& cplSiteName &

AT&T Takes Charge With Vyatta OS Buy

Carol Wilson

In a surprising move that underscores both the importance of software and network operators' growing interest in controlling their own destiny, AT&T today announced that it is buying Brocade's Vyatta operating system and software for an undisclosed sum. (See AT&T Buys Brocade's Vyatta Software.)

The AT&T deal, which comes ahead of Broadcom's acquisition of most of Brocade, is expected to close fairly quickly. (See Broadcom Buys Brocade for $5.9B, Will Ditch Ruckus & IP Biz.)

AT&T will take ownership of the Vyatta assets including the vRouter product line and other virtual network functions, and will hire Brocade employees associated with its development, currently located primarily in California and the UK, according to today's release.

Want to know more about the companies, people and organizations driving developments in the virtualization sector? Check out Virtuapedia, the most comprehensive online resource covering the virtualization industry.

The Brocade acquisition will expand on AT&T's earlier work to develop its own white boxes and is a further indication that the network operator means business when it insists on a multivendor approach in the virtualization era: AT&T is determined to not be held hostage to equipment manufacturers that don't open up their network architectures and fully decouple software and hardware for interoperability. (See AT&T White Box a Disruptive Force.)

Adding the Vyatta assets will also help AT&T achieve its goal of virtualizing (i.e., putting under software control) 55% of its network functions this year and 75% of all functions by 2020. According to AT&T's press release, the Vyatta technology will broaden its ability to offer cloud-based VNFs, starting with the SD-WAN service it previously announced with VeloCloud. (See AT&T Joins SD-WAN Fray.)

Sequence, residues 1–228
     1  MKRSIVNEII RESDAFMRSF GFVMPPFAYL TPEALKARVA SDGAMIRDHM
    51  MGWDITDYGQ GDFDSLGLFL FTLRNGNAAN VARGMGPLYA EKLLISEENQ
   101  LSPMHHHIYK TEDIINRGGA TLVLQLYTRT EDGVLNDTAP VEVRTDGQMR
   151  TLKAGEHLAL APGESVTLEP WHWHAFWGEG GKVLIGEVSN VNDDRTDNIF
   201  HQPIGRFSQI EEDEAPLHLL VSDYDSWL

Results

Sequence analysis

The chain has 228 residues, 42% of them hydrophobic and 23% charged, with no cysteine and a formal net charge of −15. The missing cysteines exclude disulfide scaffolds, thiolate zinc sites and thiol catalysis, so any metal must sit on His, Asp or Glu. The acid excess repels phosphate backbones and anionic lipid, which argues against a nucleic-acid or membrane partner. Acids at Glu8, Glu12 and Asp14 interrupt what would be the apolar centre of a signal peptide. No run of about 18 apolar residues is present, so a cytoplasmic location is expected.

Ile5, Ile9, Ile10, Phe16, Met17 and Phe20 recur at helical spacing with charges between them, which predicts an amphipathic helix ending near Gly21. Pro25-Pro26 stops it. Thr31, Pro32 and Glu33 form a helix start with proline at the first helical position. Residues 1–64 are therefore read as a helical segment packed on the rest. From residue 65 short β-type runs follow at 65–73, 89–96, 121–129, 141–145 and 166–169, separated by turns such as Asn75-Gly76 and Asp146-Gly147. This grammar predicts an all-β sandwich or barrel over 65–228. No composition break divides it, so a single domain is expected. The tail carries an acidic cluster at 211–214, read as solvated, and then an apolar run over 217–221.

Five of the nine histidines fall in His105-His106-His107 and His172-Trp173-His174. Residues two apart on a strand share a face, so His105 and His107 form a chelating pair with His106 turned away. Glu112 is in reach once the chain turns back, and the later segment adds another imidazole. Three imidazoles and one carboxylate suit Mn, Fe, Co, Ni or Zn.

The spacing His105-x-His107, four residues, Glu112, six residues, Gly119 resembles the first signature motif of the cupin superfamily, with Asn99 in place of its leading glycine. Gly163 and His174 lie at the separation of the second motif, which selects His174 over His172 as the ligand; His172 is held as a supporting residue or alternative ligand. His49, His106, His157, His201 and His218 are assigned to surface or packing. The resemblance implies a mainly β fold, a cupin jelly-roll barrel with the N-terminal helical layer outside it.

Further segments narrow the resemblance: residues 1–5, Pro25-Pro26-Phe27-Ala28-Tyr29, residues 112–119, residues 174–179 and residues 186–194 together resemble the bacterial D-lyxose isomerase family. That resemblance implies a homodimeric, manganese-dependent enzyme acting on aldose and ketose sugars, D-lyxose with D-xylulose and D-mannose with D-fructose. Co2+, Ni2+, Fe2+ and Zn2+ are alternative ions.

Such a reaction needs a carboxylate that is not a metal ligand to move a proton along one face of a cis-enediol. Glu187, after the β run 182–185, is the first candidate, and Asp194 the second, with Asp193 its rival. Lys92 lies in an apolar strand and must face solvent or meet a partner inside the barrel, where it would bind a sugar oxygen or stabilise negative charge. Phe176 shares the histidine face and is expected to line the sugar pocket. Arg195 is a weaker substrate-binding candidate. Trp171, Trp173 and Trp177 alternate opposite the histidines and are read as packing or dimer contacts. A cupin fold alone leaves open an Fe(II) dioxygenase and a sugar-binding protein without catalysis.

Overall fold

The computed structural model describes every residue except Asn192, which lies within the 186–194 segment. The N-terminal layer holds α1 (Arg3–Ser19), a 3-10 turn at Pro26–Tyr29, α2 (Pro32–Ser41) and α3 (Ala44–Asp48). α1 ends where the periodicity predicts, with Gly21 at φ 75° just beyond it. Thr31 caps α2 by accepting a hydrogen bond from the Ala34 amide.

AT&T is hardly alone in pushing its own white box strategy, as competitors such as Orange and Verizon are doing the same thing, although they are working with partner vendors in a more traditional way: AT&T has gone a step farther here by acquiring the software. (See Orange Kicks Off 'Universal CPE' Trials and Verizon Readies Its Universal CPE.)

The industry may see similar software acquisitions going forward as there is greater urgency to push forward with network transformation. It's a strategy that CenturyLink is already using, acquiring Active Broadband for its software talent and then using those skills to streamline and speed up its internal NFV/SDN work. (See CenturyLink: Kill Complexity to Speed NFV and CenturyLink's ABN Buy Is Software Harbinger.)

For Vyatta, which became part of Brocade in late 2012, transferring to AT&T is both an ending and the assurance of relevance going forward. At its introduction, Vyatta was considered a groundbreaking effort and it retained industry interest even to this point, having been rumored to be under consideration as a white box component at multiple network operators. This obviously ends those options. (See Brocade Unveils Open Carrier Platform for SDN, NFV and Brocade Buys Vyatta for Software Routing Smarts.)

— Carol Wilson, Editor-at-Large, Light Reading